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  1. #1
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    Preparing the code to migrate from SQL to ORACLE

    Hello guys,

    I'm working in a project written in PHP/JAVA which uses SQL as DB for now but will be migrated to ORACLE pretty soon.
    So the idea is to write this version of the project using SQL but compatible with ORACLE so we could migrate DBs in a near future.

    We've started using MySql then we moved to SQL and now we would like to create a version using SQL but ready for ORACLE.

    I have never done it before so I'm a bit confused of what path should I take regarding to the query statements.

    Any suggestions are welcome!

    Thanks for you time!

    Dennis

  2. #2
    SQL Consultant gold trophysilver trophybronze trophy
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    just as an aside, please don't call the microsoft product "SQL" -- it is called SQL Server

    "SQL" is also part of the MySQL name, so just calling a database "SQL" isn't specific enough

    to answer your question, you ~cannot~ write the same SQL for both SQL Server and oracle
    rudy.ca | @rudydotca
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  3. #3
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    Hi r937,

    Sorry about that.
    I meant SQL Server.

    I know I can't use the same SQL for SQL server and ORACLE.

    I am looking for a solution for that, something such as OQL with Hibernate or something.

    Really, I have never used OQL before so I'm looking for a experienced word about this issue.

    Thanks for replying,
    -Dennis

  4. #4
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    Is it possible to achieve the OP's request by sticking with/reverting to MySQL and using standard SQL queries? Would that enable a smooth transfer to Oracle?

    bazz

  5. #5
    SQL Consultant gold trophysilver trophybronze trophy
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    yeah, assuming that "standard SQL" can get the job done

    let's take string concatenation for example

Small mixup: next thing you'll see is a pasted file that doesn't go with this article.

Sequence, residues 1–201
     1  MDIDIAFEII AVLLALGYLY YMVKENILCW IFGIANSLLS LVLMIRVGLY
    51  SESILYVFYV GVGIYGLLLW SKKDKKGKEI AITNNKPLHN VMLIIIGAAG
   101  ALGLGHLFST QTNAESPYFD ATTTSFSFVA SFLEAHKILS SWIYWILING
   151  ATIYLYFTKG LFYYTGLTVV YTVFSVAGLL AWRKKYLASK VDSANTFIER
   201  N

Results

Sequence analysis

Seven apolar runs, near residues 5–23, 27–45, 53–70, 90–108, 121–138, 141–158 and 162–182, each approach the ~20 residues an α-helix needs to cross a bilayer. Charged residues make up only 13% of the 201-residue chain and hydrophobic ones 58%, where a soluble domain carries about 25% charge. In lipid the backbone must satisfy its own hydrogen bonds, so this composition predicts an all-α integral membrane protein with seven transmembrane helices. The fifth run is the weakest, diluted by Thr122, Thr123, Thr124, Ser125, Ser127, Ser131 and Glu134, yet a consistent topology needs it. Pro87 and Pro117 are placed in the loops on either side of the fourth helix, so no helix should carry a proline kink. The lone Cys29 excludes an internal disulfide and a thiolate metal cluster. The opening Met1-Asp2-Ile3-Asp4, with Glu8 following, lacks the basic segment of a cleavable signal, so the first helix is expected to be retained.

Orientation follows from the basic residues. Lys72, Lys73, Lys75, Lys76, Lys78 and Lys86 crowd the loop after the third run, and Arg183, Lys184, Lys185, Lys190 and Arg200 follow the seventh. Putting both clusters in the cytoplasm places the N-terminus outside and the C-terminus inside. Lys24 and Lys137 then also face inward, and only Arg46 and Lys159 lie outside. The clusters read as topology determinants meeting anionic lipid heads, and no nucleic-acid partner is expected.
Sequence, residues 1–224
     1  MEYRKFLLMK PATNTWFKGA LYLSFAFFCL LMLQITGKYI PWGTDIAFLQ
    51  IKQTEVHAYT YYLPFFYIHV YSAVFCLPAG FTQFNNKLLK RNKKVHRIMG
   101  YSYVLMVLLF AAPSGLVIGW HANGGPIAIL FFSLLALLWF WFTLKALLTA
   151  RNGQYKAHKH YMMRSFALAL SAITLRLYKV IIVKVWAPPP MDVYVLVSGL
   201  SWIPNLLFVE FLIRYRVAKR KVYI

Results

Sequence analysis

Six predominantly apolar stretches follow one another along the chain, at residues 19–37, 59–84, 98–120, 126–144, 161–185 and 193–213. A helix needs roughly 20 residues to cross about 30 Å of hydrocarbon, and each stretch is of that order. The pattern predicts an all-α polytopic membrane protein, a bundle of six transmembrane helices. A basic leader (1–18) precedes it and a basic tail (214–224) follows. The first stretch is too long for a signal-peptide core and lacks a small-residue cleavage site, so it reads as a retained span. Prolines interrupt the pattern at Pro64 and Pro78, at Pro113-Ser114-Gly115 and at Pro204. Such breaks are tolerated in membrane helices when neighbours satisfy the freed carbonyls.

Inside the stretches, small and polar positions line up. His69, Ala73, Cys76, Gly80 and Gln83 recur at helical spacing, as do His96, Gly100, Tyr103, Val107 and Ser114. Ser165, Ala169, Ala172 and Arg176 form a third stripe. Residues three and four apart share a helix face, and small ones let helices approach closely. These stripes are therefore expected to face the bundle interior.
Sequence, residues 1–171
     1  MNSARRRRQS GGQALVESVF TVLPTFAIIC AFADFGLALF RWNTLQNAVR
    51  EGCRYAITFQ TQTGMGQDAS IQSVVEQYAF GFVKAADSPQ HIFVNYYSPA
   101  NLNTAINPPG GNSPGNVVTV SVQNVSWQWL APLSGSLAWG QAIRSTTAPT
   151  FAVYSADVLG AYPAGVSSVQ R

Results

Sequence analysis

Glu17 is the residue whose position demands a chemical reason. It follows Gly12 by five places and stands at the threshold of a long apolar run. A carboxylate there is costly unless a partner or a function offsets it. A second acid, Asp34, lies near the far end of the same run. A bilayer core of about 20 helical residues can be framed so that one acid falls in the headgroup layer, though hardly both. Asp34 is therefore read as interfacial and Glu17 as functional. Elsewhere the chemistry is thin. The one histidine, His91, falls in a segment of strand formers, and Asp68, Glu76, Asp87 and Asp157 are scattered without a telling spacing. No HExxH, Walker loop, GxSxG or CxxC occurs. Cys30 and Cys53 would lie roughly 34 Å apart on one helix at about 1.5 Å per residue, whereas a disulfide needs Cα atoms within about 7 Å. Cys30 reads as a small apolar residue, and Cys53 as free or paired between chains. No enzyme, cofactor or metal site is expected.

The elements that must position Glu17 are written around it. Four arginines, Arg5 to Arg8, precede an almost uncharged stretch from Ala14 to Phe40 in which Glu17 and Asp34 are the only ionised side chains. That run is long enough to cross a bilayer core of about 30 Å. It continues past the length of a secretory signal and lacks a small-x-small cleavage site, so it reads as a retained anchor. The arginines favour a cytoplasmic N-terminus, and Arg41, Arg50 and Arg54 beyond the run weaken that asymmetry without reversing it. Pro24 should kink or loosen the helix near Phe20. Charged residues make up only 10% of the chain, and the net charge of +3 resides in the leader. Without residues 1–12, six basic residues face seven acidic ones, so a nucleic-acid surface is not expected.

in mysql, it's CONCAT(str1,str2)

    in sql server, it's str1 + str2

    in oracle, it's str1 || str2

    and this is only one such example, there are numerous similar pitfalls
    rudy.ca | @rudydotca
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  6. #6
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    I've only used Java + hibernate for ORM (object relational mapping). There are other Java ORM libraries you can use such as ibatis or commercial JPA implementations.
    I don't have much experience with PHP so can't comment on that.
    It helped us reduce the vendor lock-in problem, but it is not a panacea. you will probably have to remap some of the objects.
    it was only apparent when we tried switching databases that the problem is more than just SQL queries.
    You have to consider different reserved keywords, name length limitations, case sensitivity, sequence generation.
    And if your app relies on any database specific features / non-standard SQL you will have to write custom queries per target database

    Jurn

  7. #7
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    If you are not familiar with the differences between the two database vendors I would recommend a PHP ORM that normalizes the queries to use queries omitting vendor specific features. By PHP/JAVA I am going to assume you mean JavaScript, which is not the same as JAVA.
    The only code I hate more than my own is everyone else's.


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